Tobias Smollett, The Expedition of Humphry Clinker: Ch. 47

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As for this lawyer, he waited below till the hurly burly was over, and then stole softly to his own chamber, from whence he did not venture to make a second sally till eleven in the forenoon, when he was led into the Public Room, by his own servant and another assistant, groaning most woefully, with a bloody napkin round his head. But things were greatly altered — The selfish brutality of his behaviour on the stairs had steeled their hearts against all his arts and address — Not a soul offered to accommodate him with a chair, cushion, or footstool; so that he was obliged to sit down on a hard bench — In that position, he looked around with a rueful aspect, and, bowing very low, said in a whining tone, 'Your most humble servant, ladies — Fire is a dreadful calamity' — 'Fire purifies gold, and it ties friendship,' cried Mrs Tabitha, bridling. 'Yea, madam (replied Micklewhimmen); and it trieth discretion also' — 'If discretion consists in forsaking a friend in adversity, you are eminently possessed of that virtue' (resumed our aunt). — 'Na, madam (rejoined the advocate), well I wot, I cannot claim any merit from the mode of my retreat — Ye'll please to observe, ladies, there are twa independent principles that actuate our nature — One is instinct, which we have in common with the brute creation, and the other is reason — Noo, in certain great emergencies, when the faculty of reason is suspended, instinct taks the lead, and when this predominates, having no affinity with reason, it pays no sort of regard to its connections; it only operates for the preservation of the individual, and that by the most expeditious and effectual means; therefore, begging your pardon, ladies, I'm no accountable in foro conscientioe for what I did, while under the influence of this irresistible pooer.'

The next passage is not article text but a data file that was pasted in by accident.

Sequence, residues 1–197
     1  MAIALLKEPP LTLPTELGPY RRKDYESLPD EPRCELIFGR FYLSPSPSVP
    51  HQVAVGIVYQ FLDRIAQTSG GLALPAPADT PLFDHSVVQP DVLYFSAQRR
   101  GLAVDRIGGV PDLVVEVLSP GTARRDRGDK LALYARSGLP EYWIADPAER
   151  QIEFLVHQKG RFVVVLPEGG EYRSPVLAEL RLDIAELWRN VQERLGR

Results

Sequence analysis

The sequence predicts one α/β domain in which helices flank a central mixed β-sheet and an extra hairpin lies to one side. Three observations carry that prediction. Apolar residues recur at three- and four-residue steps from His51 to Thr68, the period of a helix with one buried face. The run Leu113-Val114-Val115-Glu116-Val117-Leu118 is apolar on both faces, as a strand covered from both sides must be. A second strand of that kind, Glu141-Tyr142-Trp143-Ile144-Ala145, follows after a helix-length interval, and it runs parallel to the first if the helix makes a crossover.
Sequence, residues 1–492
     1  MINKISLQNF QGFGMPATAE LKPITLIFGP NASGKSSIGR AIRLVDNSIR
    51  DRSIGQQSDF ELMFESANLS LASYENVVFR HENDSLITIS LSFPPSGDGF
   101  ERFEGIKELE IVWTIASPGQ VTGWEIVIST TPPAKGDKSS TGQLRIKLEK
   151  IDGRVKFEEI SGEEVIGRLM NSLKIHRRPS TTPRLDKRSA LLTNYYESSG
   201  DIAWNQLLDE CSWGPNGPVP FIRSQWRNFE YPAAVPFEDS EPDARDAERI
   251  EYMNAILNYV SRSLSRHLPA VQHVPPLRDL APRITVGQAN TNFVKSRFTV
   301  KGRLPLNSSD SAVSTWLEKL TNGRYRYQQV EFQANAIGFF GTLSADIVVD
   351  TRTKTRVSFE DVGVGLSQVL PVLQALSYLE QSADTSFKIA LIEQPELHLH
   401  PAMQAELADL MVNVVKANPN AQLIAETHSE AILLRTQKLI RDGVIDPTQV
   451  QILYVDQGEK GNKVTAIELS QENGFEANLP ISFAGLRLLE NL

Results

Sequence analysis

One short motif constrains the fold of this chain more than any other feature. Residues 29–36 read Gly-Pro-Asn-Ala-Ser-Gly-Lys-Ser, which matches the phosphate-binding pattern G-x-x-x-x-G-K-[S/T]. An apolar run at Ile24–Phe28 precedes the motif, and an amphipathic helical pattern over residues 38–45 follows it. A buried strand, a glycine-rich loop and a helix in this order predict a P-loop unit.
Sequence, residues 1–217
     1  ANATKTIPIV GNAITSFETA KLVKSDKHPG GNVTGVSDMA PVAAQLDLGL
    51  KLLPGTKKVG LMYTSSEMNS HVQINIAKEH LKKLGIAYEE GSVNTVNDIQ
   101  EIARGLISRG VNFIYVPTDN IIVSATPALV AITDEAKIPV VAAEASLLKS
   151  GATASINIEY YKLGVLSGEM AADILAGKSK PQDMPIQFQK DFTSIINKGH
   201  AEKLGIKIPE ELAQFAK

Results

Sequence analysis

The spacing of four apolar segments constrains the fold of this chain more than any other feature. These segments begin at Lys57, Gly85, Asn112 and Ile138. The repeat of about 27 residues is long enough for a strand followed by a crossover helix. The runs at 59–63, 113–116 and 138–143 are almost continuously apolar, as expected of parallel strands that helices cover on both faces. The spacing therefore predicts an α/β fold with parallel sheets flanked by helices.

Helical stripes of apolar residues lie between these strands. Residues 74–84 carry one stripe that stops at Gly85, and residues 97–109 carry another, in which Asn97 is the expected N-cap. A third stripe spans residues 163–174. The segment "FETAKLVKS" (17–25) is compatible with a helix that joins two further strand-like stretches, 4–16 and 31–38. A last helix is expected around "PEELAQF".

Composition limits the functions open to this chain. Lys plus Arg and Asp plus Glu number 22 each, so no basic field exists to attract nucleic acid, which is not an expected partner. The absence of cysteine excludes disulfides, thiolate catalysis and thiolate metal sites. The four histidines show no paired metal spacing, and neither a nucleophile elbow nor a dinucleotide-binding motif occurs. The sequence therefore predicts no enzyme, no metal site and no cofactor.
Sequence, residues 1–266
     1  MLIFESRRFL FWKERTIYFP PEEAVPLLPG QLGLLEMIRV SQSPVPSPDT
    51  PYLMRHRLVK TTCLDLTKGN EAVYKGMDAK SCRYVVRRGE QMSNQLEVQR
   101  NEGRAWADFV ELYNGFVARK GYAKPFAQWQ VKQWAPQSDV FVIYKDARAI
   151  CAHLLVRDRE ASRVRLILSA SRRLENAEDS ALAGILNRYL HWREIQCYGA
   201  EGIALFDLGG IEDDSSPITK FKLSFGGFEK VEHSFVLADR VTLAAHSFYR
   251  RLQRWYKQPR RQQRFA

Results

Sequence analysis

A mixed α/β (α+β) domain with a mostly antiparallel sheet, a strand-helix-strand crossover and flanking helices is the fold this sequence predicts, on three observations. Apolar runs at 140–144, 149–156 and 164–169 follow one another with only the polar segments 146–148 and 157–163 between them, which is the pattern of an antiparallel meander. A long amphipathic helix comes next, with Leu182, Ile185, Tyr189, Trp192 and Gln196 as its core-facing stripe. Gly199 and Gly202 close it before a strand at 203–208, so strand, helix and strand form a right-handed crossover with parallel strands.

Here my uncle interposing, 'I should be glad to know (said he), whether it was instinct that prompted you to retreat with bag and baggage; for, I think, you had a portmanteau on your shoulder' The lawyer answered, without hesitation, 'Gif I might tell my mind freely, withoot incuring the suspicion of presumption, I should think it was something superior to either reason or instinct which suggested that measure, and this on a twafold accoont: in the first place, the portmanteau contained the writings of a worthy nobleman's estate; and their being burnt would have occasioned a loss that could not be repaired; secondly, my good angel seems to have laid the portmanteau on my shoulders, by way of defence, to sustain the violence of a most inhuman blow, from the crutch of a reverend clergyman, which, even in spite of that medium, hath wounded me sorely, even unto the pericranium.' 'By your own doctrine (cried the parson, who chanced to be present), I am not accountable for the blow, which was the effect of instinct.' 'I crave your pardon, reverend sir (said the other), instinct never acts but for the preservation of the individual; but your preservation was out of the case — you had already received the damage, and therefore the blow must be imputed to revenge, which is a sinful passion, that ill becomes any Christian, especially a protestant divine; and let me tell you, most reverend doctor, gin I had a mind to plea, the law would hauld my libel relevant.' 'Why, the damage is pretty equal on both sides (cried the parson); your head is broke, and my crutch is snapt in the middle. Now, if you will repair the one, I will be at the expence of curing the other.'